WHIRLWIND is the word which best describes my time leading up to, in, and returning from Brazil.
It was intense getting everything in order before leaving. While Amber was in BC taking part in graduation ceremonies, the kids and I were off to Ontario with a lot of divine assistance – God even provided an old friend as an unannounced traveling companion on the flight. With the kids deposited in Ontario, I made my way to Brazil with an unexpected night in JFK as a Chilean volcano slowed me down.
The return to Canada was no less eventful. I returned to Ontario to get the kids. A month apart was not without it’s challenges and even now when we leave a room together the kids seem antsy. The most heartbreaking question came as Daxon would ask, “are they ever coming back for me?”. After a few days in Ontario, we were off to BC. We landed on a Sunday and by 6:30am the next day I was back at work. It was a full-on week with a lot to do at work, Amber standing in a wedding, and my final exam for one of my Master’s courses.
Everything between those two events was no less chaotic, but so incredibly worth it.
Brazilians are gregarious people and their hospitality will leave you over-fed, up way past your bedtime, feeling humbled, and awash in love. They do a lot with a little. We were in the southern most state of Rio Grande do Sul which is similar to Alberta in that natural resources drive the economy and have made it a national cash cow. Where the comparison differs is that the land is owned by people in the larger cities and so the standard of living within the state is concerning. Rolling hills, dense forest, and dirt so red it stains your shoes make for gorgeous vistas everywhere you look. If by some chance you managed to experience hunger, it was quickly dispatched by the offerings of any number of fruit trees. Walking and snacking was a common practice.
The hyper-sexualized nature of Brazilian culture is no secret, but experiencing it first hand has my father’s heart ready to knock teeth out of boys. To be fair, the girls are not passive either. To see the larger impact of this thinking was hard to take in. Nowhere was this more visible than at the Home of the Good Shepherd in Boa Vista do Burica where we worked with Carla and Randy Reddman. The stories of the children here are unthinkable. Randy and Carla have created a place for boys and girls from all over the state to develop in ways that would have otherwise been impossible.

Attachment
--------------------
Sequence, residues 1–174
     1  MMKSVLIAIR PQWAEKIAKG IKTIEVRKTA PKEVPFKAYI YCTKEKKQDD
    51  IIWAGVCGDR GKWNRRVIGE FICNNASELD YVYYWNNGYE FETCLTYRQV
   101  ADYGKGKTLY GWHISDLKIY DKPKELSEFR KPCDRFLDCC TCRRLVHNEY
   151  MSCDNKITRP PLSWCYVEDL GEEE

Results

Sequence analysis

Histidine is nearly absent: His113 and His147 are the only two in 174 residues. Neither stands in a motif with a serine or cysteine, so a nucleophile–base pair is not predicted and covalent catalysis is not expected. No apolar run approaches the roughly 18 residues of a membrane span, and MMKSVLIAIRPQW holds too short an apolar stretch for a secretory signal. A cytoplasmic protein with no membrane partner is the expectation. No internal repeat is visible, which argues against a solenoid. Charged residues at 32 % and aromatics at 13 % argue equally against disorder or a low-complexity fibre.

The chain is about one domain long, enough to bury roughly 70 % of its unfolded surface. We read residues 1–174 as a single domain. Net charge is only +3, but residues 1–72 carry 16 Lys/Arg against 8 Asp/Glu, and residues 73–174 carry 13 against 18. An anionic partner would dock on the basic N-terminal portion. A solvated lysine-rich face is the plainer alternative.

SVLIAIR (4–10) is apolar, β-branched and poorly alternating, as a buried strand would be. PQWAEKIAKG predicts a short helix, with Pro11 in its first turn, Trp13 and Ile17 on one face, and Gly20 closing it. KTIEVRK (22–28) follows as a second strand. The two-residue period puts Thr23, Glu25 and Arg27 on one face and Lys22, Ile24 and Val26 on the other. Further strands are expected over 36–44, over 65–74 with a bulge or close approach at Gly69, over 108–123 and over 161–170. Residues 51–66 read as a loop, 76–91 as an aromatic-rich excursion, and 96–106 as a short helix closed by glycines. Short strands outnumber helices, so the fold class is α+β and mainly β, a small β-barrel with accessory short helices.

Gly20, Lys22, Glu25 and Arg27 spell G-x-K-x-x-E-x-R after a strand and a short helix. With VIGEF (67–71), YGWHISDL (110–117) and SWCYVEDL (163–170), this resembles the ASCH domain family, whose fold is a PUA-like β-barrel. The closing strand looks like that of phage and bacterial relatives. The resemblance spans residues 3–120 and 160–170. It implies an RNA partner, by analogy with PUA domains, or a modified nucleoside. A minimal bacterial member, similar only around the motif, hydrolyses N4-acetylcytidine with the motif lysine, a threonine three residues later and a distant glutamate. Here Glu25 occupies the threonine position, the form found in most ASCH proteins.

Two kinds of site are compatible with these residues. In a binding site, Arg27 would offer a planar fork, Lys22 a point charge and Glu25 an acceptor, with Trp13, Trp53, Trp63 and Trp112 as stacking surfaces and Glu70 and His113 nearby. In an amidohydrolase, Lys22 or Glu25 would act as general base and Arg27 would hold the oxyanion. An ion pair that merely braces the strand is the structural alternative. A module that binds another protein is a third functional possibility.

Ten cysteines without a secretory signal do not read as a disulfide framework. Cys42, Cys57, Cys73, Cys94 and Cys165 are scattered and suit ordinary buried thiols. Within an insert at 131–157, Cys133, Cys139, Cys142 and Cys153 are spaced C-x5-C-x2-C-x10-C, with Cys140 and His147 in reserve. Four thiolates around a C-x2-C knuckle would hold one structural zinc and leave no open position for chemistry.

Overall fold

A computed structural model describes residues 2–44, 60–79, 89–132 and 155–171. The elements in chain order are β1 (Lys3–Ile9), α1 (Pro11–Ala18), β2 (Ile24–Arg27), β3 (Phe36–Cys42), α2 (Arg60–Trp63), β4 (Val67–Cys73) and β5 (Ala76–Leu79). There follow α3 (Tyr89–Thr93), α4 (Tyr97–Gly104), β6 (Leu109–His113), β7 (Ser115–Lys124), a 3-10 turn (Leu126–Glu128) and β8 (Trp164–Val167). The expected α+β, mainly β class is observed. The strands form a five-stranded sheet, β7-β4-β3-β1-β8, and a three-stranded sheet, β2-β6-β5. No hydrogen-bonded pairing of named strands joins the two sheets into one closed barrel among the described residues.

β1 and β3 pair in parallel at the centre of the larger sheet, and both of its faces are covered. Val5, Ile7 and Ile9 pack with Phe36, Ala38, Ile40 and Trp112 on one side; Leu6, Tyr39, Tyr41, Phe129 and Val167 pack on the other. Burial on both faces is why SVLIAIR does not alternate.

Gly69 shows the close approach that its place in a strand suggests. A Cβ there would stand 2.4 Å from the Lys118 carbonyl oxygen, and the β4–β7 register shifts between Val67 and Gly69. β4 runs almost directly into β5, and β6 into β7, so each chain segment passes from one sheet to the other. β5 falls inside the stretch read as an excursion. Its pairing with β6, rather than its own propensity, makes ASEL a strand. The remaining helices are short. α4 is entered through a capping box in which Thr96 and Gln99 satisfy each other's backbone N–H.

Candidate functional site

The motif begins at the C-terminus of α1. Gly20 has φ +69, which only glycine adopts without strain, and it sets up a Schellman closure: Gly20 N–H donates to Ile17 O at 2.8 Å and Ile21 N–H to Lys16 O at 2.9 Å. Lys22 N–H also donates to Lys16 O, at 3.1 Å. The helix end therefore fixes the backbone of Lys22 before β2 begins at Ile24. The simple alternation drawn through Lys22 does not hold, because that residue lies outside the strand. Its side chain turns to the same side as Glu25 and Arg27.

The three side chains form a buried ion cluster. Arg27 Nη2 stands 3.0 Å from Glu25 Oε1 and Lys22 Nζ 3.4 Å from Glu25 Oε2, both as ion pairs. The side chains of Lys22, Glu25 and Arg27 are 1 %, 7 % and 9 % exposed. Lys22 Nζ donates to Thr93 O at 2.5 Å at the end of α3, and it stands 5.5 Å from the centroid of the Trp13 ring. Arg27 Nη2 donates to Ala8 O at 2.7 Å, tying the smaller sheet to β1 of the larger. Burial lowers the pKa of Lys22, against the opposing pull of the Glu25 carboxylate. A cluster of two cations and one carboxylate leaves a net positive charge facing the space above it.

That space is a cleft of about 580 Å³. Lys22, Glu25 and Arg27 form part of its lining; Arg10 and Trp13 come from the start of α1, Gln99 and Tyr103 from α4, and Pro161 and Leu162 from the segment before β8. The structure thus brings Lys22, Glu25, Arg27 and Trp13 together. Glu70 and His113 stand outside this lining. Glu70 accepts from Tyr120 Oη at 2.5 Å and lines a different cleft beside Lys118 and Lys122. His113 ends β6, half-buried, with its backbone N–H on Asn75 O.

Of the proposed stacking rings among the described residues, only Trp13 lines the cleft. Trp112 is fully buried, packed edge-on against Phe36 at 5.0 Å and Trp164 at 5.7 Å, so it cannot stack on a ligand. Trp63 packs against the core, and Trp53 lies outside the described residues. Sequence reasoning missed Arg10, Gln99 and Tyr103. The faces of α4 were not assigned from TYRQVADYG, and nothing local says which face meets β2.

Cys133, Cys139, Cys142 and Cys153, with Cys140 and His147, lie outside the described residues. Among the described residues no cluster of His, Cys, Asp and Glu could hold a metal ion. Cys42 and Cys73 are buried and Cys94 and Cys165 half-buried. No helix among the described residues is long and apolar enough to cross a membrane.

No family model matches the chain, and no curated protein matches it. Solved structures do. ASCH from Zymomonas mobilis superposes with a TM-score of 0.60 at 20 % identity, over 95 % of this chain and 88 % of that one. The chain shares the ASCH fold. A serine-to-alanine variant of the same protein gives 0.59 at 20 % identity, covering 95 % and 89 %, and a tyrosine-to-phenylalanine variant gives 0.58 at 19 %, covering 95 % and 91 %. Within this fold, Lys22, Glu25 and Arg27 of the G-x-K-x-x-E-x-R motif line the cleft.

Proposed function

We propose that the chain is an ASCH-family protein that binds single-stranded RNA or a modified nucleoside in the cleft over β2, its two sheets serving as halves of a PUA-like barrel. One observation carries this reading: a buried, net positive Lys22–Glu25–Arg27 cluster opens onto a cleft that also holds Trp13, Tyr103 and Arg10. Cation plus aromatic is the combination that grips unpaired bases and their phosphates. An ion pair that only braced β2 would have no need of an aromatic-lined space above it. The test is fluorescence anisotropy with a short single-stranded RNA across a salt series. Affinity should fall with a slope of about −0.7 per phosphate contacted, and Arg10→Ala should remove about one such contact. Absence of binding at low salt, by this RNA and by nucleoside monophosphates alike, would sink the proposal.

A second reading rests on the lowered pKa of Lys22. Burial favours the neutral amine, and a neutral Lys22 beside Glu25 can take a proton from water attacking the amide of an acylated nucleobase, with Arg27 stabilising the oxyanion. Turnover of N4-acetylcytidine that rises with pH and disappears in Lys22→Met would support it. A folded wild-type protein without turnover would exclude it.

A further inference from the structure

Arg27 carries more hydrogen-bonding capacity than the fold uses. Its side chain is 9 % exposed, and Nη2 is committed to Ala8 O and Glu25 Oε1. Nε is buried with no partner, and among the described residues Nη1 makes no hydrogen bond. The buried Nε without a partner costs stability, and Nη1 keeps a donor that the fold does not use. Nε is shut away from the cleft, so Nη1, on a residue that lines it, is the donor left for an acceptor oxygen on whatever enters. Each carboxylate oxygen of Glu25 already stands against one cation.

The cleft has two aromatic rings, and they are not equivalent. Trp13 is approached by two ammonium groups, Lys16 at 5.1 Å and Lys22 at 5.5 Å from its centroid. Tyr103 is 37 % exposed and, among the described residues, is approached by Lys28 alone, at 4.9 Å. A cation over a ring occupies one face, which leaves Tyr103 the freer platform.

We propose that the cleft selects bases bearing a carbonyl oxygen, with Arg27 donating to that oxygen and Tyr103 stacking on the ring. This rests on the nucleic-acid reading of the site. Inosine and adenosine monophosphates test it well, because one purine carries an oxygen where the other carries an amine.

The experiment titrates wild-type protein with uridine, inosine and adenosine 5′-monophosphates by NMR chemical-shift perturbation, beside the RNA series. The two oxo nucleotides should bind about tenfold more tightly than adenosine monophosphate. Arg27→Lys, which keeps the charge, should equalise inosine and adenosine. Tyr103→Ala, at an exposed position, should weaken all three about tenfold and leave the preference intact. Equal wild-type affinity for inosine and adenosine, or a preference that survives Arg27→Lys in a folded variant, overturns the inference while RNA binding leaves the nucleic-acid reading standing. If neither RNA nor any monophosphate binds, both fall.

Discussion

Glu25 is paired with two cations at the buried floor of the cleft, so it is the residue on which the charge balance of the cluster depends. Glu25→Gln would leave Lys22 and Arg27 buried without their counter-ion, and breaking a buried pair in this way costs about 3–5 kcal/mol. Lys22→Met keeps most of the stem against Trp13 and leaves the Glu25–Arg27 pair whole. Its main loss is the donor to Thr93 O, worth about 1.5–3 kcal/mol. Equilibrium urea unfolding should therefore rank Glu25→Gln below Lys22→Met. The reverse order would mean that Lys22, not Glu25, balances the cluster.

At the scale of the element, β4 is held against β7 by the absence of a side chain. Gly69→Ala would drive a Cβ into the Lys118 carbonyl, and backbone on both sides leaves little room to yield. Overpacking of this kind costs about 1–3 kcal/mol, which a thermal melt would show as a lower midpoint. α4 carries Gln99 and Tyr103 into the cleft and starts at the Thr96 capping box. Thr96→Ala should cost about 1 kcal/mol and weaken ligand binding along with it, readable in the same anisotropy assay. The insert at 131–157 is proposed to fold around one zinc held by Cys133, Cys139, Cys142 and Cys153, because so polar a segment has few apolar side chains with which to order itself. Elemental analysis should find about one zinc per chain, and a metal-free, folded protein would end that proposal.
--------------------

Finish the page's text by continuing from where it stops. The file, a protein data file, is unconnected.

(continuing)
The role of Overseer is great because it is all the connecting and coaching without having to worry about all of the logistics. I had the honour of working with a fantastic group of students who, very kindly, made me a part of their team with little preexisting relationship. There were a lot of laughs, but more importantly a true connection. I believe that the Holy Spirit was able to have a few “ah ha” moments with students and I’m glad I got to be a small part of those conversations. Empowering the students to do more and see themselves as capable with God’s help is a great process to be included in. My ongoing prayer is that they never forget what they learned in Brazil.
Doing 4 – 5 Canada Classes and Healthy Lifestyle Presentations each day required a lot of energy. Add to this services and Media Presentations, and you have a full day, everyday. Not a single school forbid us to share our stories of faith and God’s faithfulness. Multiply this by four teams and literally thousands of students in southern Brazil were confronted with the reality of who God is: that he loves them, that he is real, and that he has something better for them. We saw people come to faith and that in itself makes the entire trip worthwhile. I could tell you stories for days, but what it boils down to is this:
as we are obedient, God is faithful.
On an individual level, Brazil was so good for me. Working with Randy and Carla, whom we cannot say enough about, was life-giving. It was encouraging on a deep level to see a married couple who had been living and working together overseas for so long who still not only love each other, but also like one another, have fun together, and are effective in what they do together. They’re also still normal – which has always been a concern of ours as you meet some interesting folks who have been in-between cultures for too long. It was also fascinating (and admittedly, often entertaining) to watch the students get into a flap over cross-cultural experiences that barely ruffled my feathers. It was a strong reminder that I am wired differently than others. Not better, but better able to handle certain situations. It speaks to me of future things and the Holy Spirit had a lot to say about my future.
All of this to say THANK YOU to all those who gave, prayed, and encouraged. This trip would not have been possible without you. As I look ahead, I do believe this time in Brazil was essential – even more than I realized before going. Thanks for believing in me, in us, and for investing in the students.